Updated Regulations on Bulk Citrus Movement into the HLB Quarantine Area
Effective April 13, 2020, the California Department of Food and Agriculture (CDFA) will revoke Quarantine Commodity (QC) permit number 1486. QC 1486 originally authorized the intrastate movement of bulk citrus fruit from the Asian citrus psyllid (ACP) Bulk Citrus Regional Quarantine Zones 2, 3, 4, 5 or 7, into the Huanglongbing (HLB) quarantine area, without meeting the ACP-free performance standard.
The motion to revoke QC 1486 was unanimously passed by the Citrus Pest and Disease Prevention Committee (CPDPC) at a committee meeting on March 11, 2020. CDFA subsequently approved the motion and will begin its implementation this month.
“While the committee understands this revocation represents a change for a limited number of our industry partners, we have made this science-based decision because we believe the overall benefit these actions will have in protecting the industry against the spread of ACP and HLB will outweigh the added mitigation steps required of our growers and packers,” said Jim Gorden, chairman of the Citrus Pest & Disease Prevention Program.
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Upon the effective date, all shipments of bulk citrus fruit into the HLB quarantine area, Bulk Citrus Regional Quarantine Zone 6, must meet the ACP-free performance standard, which includes field cleaning by machine or a preharvest treatment, and must be accompanied by the ACP-free declaration form. To download the ACP-free declaration form, please visit www.cdfa.ca.gov/plant/pdfs/acp/ACPFreeDeclarationForm.pdf.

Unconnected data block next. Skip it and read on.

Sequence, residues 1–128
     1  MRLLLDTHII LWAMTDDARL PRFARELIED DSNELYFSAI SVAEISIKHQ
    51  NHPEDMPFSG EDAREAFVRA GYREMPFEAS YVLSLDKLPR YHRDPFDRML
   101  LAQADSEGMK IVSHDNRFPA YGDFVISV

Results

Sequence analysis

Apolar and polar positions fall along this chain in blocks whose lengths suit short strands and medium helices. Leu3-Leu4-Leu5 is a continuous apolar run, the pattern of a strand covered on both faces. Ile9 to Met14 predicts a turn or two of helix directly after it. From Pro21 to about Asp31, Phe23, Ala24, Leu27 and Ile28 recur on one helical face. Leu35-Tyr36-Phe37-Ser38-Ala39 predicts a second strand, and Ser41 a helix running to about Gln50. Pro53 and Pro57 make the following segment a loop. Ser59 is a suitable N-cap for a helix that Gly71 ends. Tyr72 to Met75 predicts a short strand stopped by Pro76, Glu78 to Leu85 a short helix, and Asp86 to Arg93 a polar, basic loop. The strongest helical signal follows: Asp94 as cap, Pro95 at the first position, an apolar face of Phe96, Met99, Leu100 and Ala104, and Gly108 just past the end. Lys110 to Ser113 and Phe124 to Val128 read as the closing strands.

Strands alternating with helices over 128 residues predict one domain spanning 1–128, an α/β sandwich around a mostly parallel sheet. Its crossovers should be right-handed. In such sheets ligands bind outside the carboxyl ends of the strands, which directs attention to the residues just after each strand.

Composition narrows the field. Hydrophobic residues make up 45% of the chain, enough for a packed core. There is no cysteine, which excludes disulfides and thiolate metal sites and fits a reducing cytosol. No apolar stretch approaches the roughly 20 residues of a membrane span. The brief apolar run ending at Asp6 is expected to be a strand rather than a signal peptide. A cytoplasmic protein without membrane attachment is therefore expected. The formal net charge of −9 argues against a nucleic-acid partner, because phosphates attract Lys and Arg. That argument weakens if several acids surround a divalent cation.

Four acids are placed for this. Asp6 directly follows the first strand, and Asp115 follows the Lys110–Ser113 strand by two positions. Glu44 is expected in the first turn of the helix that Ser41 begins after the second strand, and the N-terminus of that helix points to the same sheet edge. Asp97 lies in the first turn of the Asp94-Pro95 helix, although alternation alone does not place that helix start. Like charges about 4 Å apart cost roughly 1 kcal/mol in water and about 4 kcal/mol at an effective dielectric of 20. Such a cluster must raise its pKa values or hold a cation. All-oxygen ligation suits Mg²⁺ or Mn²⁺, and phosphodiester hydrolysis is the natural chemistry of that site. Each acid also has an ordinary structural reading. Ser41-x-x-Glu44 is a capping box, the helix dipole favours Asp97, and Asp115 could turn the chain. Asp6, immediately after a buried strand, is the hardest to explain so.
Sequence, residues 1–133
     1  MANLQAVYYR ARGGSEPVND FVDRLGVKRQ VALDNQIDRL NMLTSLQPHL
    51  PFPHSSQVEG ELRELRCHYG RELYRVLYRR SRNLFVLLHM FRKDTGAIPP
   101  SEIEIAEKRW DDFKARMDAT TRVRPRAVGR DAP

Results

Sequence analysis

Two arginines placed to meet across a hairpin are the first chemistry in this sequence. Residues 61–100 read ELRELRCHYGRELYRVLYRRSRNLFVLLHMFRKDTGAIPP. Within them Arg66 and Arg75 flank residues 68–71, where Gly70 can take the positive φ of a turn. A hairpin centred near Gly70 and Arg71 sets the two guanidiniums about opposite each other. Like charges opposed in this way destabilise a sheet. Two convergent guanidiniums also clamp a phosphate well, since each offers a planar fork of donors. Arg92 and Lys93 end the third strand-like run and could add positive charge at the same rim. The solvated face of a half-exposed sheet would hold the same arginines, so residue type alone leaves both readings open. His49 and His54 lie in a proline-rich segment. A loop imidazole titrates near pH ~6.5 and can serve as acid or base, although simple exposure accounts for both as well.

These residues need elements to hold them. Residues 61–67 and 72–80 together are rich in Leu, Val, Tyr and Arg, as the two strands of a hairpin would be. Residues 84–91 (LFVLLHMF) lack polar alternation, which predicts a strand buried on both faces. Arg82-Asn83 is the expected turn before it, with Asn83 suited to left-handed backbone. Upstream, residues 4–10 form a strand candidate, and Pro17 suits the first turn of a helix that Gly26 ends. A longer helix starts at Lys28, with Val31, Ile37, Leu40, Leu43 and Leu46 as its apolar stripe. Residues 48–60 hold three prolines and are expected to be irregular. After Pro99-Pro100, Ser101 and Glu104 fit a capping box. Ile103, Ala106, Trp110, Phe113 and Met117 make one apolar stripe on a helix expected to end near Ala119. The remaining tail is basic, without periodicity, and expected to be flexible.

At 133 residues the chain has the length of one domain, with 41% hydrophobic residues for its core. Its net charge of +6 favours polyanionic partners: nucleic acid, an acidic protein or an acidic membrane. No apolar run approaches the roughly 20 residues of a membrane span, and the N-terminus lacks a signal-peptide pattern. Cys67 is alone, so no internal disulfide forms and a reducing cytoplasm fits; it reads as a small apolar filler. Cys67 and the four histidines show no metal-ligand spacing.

Prior to shipment, growers must also notify the appropriate county agricultural commissioner’s office to which they will be shipping bulk citrus, as stated in the grower’s compliance agreement.
“The committee based it’s response on the risk-based model, which indicated that movement of unmitigated fruit into the HLB quarantine presents a higher risk than we initially thought,” said Keith Watkins, chairman of the operations subcommittee of the CPDPP. “By potentially shipping psyllids into an area known to have HLB, we’re essentially throwing gasoline on the fire. These changes will not only create more uniform mitigation requirements, but allow us to future proof these regulations for any future HLB detections in new areas of the state.”
Steps like this are critical in the fight to save California’s citrus industry from ACP and HLB, which has been found in residential areas of Los Angeles, Orange, Riverside and San Bernardino counites at an increasing rate. Now more than ever, it is important for the citrus industry to work together in preventing the spread of this harmful pest and disease.
To review the full document for citrus growers and grove managers in an ACP bulk citrus regional quarantine zone or HLB quarantine area, please click here.
For questions regarding this regulatory advisory, please contact Keith Okasaki at Keith.Okasaki@CDFA.ca.gov.